What are the requirements of good DDoS mitigation?
An effective DDoS protection needs to be able to identify the attacking traffic in a DDoS attack and filter it out. How well it does this depends on three factors which you can use to compare different types of DDoS protection.
DDoS attacks are only growing stronger over time, and your DDoS protection needs to be able to cope with the amount of traffic it is being sent. DDoS attacks of over 1Tbps have been reported, and while you will probably not need that much capacity, research from Comparitech shows that average DDoS attacks are over 1Gbps right now.
Ensure that your DDoS protection has over 1Gbps capacity as standard, but also has the ability to be scaled up if you are subject to a larger attack.
2. Protection for every layer of attack
DDoS attacks can come in a variety of forms depending on how they amplify their traffic and what they use to overwhelm the target computer system. These different types of attacks are labelled depending on which layer of the data transfer process they are attacking.
Your DDoS protection should cover every layer of DDoS attack possible, otherwise you are taking an unnecessary risk.
3. Speed of response
Even the best DDoS protection in the world won’t be able to protect you if it isn’t turned on. Your DDoS mitigation provider needs to demonstrate to you what the process is for it activating, and that it will happen promptly enough to avoid disruption.
An “always-on” solution is what is says on the tin: all traffic going to your system is being filtered by your DDoS protection, so an attack is mitigated the moment it begins. However, this is a resource-intense way of operating and has costs attached to it.
While “always-on” is the ideal deployment for DDoS mitigation, the minimum you need is for your DDoS protection provider to display the ability to deploy your DDoS protection quickly when an attack begins, and not leaving you vulnerable.
How much should you pay for DDoS mitigation?
A DDoS protection package can cover the three above factors in a variety of ways, and so there is a variety of price points for DDoS mitigation. However, the general rule of “you get what you pay for” applies here, and you should check through the specifications of any cheap DDoS mitigation you’ve been offered, seeing how they handle the three factors: capacity, layer protection, and speed of response.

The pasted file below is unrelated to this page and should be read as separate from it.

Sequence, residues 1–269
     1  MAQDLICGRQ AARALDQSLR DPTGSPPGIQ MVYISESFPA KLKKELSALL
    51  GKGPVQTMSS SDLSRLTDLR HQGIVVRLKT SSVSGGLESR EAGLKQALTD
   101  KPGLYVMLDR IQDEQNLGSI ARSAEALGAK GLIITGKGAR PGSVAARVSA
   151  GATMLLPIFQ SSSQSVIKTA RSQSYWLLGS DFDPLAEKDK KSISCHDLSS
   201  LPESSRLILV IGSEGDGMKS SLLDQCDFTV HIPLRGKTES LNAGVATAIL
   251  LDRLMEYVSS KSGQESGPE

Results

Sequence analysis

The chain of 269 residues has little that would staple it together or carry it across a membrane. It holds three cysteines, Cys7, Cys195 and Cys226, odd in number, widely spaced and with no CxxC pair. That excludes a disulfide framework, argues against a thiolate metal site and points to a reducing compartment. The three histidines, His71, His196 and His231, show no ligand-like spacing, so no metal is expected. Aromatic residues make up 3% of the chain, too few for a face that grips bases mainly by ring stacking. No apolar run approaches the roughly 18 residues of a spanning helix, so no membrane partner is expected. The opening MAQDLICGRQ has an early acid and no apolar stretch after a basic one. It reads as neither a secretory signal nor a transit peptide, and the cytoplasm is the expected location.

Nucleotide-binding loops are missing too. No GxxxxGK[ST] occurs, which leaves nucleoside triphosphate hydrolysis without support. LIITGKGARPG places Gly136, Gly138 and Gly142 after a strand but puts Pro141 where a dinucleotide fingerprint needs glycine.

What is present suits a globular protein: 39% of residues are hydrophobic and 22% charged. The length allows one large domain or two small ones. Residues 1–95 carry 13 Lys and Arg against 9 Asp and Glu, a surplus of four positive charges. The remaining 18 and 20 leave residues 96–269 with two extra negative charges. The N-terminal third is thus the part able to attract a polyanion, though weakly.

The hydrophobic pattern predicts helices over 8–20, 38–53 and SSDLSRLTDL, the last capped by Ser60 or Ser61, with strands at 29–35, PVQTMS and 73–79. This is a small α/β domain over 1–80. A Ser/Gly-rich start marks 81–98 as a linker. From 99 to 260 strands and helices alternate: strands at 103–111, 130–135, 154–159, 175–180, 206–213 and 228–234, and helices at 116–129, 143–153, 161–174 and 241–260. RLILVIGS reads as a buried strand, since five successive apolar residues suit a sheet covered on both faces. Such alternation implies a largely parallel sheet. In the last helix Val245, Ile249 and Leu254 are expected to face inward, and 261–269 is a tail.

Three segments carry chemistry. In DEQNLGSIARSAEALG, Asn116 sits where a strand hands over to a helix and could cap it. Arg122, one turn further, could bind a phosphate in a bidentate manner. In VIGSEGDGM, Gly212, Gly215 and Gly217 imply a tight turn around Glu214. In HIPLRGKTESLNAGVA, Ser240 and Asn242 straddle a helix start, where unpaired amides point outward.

Most likely a cheap option for DDoS protection, like a mitigation appliance, will have considerably lower capacity than other options, meaning it can’t handle flood attacks of the same size as these other options.
Establish what comes as standard in your DDoS protection, and what will only be supplied at an extra cost. If you opt for a cheap DDoS protection package, and then an attack exceeds its capabilities, you might be forced into paying your provider an extortionate fee for dealing with the attack. Things you might end up being charged extra for include:
A DDoS attack that is delivering more data per second than your protection has capacity for
Several DDoS attacks in one month, of any size, might not be covered in your package
A flat-rate charge for DDoS protection will protect you from this, as you will be charged a standard amount each month, regardless of how many DDoS attacks you are subject to, or their size.
How to choose the right DDoS protection?
Any company has the potential to fall victim to a DDoS attack, so it’s important you get DDoS protection in place. The level of protection you should choose depends on how disruptive it would be for your clients and your staff to lose access to your systems.
The most convenient way of getting DDoS protection in place is to have your data centre provider put one in for you, since they already handle your network connection. They will explain to you the capabilities of their different options, and how they handle the three key factors. What DDoS protection a data centre can provide is definitely a factor to take into account when choosing where to host your IT.